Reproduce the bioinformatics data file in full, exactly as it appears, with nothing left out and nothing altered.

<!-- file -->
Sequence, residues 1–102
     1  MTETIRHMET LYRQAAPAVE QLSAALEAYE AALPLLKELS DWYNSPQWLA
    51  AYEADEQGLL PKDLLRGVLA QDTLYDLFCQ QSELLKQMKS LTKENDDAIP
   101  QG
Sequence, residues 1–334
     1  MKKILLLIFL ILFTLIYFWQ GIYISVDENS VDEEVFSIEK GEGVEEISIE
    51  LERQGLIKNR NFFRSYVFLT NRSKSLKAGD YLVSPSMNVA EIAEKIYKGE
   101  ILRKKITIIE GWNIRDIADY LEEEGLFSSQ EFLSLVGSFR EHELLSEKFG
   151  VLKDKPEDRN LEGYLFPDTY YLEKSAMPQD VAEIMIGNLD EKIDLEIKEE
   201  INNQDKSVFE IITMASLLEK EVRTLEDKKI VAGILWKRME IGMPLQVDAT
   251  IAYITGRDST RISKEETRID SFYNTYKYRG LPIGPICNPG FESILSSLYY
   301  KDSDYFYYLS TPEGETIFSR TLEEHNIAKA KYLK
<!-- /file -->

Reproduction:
Sequence, residues 1–102
     1  MTETIRHMET LYRQAAPAVE QLSAALEAYE AALPLLKELS DWYNSPQWLA
    51  AYEADEQGLL PKDLLRGVLA QDTLYDLFCQ QSELLKQMKS LTKENDDAIP
   101  QG
Sequence, residues 1–334
     1  MKKILLLIFL ILFTLIYFWQ GIYISVDENS VDEEVFSIEK GEGVEEISIE
    51  LERQGLIKNR NFFRSYVFLT NRSKSLKAGD YLVSPSMNVA EIAEKIYKGE
   101  ILRKKITIIE GWNIRDIADY LEEEGLFSSQ EFLSLVGSFR EHELLSEKFG
   151  VLKDKPEDRN LEGYLFPDTY YLEKSAMPQD VAEIMIGNLD EKIDLEIKEE
   201  INNQDKSVFE IITMASLLEK EVRTLEDKKI VAGILWKRME IGMPLQVDAT
   251  IAYITGRDST RISKEETRID SFYNTYKYRG LPIGPICNPG FESILSSLYY
   301  KDSDYFYYLS TPEGETIFSR TLEEHNIAKA KYLK